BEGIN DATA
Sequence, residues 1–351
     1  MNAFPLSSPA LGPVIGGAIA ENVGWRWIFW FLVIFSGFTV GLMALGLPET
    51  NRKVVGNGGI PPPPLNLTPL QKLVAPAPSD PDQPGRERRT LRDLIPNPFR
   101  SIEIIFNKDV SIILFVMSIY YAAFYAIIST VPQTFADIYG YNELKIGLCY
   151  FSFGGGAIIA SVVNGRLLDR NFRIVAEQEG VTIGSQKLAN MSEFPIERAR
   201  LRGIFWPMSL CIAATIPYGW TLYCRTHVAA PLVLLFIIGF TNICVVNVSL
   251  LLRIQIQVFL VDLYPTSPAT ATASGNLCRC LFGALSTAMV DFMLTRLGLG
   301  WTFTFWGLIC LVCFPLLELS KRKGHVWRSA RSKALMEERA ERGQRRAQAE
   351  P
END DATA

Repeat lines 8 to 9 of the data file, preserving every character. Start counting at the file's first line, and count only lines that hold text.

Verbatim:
   301  WTFTFWGLIC LVCFPLLELS KRKGHVWRSA RSKALMEERA ERGQRRAQAE
   351  P